1. About 20 million Americans experience depression yearly.
Of these, about ten million have major or clinical depression.
2. A quarter of all Americans will suffer a depressive episode at least once in their lives.
Perhaps it’s someone you know—if so, give them a hug. If you’re depressed, try to give yourself a hug.
3. More than 350 million people globally suffer from depression.
The World Health Organization estimates that by the year 2030, depression will be second only to HIV/AIDS as a cause of medical disability.
4. Depression can be caused by several preexisting physical conditions.
Such conditions include naturally low serotonin levels, poor sleeping patterns, thyroid deficiencies, and—for women at least—a lack of Omega-3 fatty acids in the diet.
5. Depression can also have several devastating physical effects.
Depressed people are more likely to suffer colds, heart attacks, chronic inflammation, headaches, sleep apnea, chronic pain, and osteoporosis. The cause-and-effect between disease and depression can be murky, though; often it’s unclear whether a person is depressed because of their disease or if they’ve developed a disease due to chronic depression.
6. Exercise and diet can curb depression.
Years of research suggest that exercise is one of the cheapest and most effective ways to lessen depression. Eating foods that are rich in tryptophan such as bananas and turkey can trigger the brain to produce the depression-lowering neurotransmitter serotonin. And the physical benefits of being hugged—which releases the “happy hormone” known as oxytocin—cannot be overemphasized. So go for a walk, eat some turkey, and get yourself some hugs!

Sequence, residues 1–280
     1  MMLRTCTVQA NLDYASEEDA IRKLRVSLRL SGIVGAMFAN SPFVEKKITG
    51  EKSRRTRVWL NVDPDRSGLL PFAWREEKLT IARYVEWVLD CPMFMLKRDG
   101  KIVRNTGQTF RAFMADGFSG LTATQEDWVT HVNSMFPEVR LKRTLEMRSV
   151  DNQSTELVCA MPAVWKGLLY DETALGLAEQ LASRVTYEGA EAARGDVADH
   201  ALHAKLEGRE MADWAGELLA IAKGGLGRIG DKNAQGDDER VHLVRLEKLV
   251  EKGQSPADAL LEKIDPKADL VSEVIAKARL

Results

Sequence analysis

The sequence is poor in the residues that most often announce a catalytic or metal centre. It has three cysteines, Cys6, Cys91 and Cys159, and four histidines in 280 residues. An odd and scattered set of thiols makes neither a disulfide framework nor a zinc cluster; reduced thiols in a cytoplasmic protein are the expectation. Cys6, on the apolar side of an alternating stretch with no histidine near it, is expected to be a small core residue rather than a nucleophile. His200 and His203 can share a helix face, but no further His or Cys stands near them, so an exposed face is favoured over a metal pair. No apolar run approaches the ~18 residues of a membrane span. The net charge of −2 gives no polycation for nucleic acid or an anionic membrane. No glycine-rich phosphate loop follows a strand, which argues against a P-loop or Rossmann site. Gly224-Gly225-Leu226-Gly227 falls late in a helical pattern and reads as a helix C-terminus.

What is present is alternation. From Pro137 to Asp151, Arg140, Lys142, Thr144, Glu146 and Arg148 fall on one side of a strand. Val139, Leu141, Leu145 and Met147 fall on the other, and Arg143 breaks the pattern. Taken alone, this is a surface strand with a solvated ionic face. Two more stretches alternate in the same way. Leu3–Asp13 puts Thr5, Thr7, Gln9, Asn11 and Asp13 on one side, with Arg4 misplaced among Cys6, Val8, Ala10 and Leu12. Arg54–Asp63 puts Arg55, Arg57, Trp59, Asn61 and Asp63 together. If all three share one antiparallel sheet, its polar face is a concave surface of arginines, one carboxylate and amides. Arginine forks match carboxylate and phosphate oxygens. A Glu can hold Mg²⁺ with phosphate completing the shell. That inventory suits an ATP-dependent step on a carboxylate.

7. Depression does not typically discriminate according to race or income…
People of all ethnicities and income levels are susceptible to depression.
8. …except it occurs twice as often in women than in men.
Some speculate that estrogen may play a role, while others theorize that society places extra psychological burdens on women. Over their lifetime, 20-26% of women will experience major depression compared to 8-12% of men.
9. Depression is often correlated with aging.
Older American adults kill themselves 50% more often than the nation as a whole. Depression is often linked to the drop in testosterone experienced by middle-aged men. Although an estimated six million older Americans suffer from depression, only about one in ten receive treatment for it.
10. There is a genetic link to depression.
Experts speculate that up to half of depression is linked to inherited genetic factors. If you have a close relative who’s experienced major depression, you are two or three times more likely to experience it yourself.